The federal minister for the environment, Barbara Hendricks of the SPD, has repeatedly called on German automobile manufacturers to abandon their resistance to the expensive upgrade of diesel cars. In the context of the emissions scandal, Hendricks constantly pointed out that it was surely also in the interests of the sector – so important for the German economy – to regain the trust of customers all over the world by reducing harmful emissions. Now an investigation by the federal environmental agency is calling her strategy into question.
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Will a driving ban be needed after all?
According to the Frankfurter Allgemeine Sonntagszeitung (FAS), the paper written by the agency states that even upgrading “a significant proportion” of cars would barely reduce the concentration of nitrogen dioxide in cities. The report says that this would still be true even if the best possible calculations were applied, i.e. if fitting an improved exhaust gas cleaner meant car manufacturers succeeded in lowering nitric oxide emissions in older cars by 70 percent. Permissible limits would still be exceeded in some places over the coming years.
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Federal Environment Minister Barbara Hendricks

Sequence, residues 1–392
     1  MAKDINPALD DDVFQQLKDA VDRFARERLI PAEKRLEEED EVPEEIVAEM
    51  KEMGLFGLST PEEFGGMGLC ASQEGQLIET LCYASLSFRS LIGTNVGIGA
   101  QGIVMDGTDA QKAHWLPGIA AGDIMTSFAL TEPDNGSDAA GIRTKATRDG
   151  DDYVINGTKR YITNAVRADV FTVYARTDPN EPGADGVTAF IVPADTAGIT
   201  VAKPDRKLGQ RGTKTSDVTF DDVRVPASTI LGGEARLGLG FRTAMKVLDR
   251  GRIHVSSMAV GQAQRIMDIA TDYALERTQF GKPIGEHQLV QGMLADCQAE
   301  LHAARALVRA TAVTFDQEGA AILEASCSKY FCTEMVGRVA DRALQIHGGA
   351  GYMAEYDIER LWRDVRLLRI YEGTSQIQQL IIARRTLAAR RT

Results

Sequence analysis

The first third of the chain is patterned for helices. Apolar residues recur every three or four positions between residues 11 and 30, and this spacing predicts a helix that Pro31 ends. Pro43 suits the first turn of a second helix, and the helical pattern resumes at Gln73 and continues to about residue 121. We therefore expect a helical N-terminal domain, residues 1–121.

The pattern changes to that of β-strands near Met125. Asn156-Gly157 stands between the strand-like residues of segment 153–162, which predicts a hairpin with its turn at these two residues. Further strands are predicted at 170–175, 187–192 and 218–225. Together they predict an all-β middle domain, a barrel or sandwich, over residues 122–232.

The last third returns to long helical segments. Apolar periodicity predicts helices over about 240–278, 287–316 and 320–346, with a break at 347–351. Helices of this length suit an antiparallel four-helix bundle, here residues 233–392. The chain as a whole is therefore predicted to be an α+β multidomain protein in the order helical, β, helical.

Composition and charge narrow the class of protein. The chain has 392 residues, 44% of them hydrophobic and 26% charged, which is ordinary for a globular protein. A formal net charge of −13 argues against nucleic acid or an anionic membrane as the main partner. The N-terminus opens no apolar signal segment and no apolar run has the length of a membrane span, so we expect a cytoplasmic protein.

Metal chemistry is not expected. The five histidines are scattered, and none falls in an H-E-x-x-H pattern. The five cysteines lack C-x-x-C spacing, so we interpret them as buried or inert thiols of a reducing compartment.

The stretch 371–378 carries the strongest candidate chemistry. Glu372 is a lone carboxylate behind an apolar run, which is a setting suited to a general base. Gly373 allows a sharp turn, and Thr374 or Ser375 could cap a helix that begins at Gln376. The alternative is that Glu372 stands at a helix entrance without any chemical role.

And then there’s the cost…
The federal environment agency also reaches “a devastating conclusion” about the expected cost, writes the FAS: Manufacturers would need to invest 3.7 billion euros in order to upgrade a sufficient quantity of cars.
The paper was apparently written after a technical discussion within the agency in June of last year, which was attended by representatives of the car industry, members of the state governments, and employees of the Technical Control Board (TÜV).
In the debate about pollution by diesel cars, Hendricks also demanded improvements to engine hardware. At a diesel summit in early August, which brought together representatives from the federal and state governments and from the automobile industry, manufacturers only agreed to software updates for more than five million diesel cars classified as meeting Euro 5 and 6 emissions standards, and to scrapping incentive schemes. The minister considers this inadequate. She is still hoping for the second diesel summit in the autumn with Chancellor Angela Merkel.
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Federal Minister of Transport Alexander Dobrindt from the CSU has criticized his SPD cabinet colleague. First they should wait and see what was achieved by the measures already agreed, Dobrindt said, positioning himself as the protector of the auto industry. But the Hamburg-based news magazine Der Spiegel reports that even within his ministry there are now concrete plans for the technical modification of diesel cars.
SC/cl (FAS, afp, rtr, Spiegel)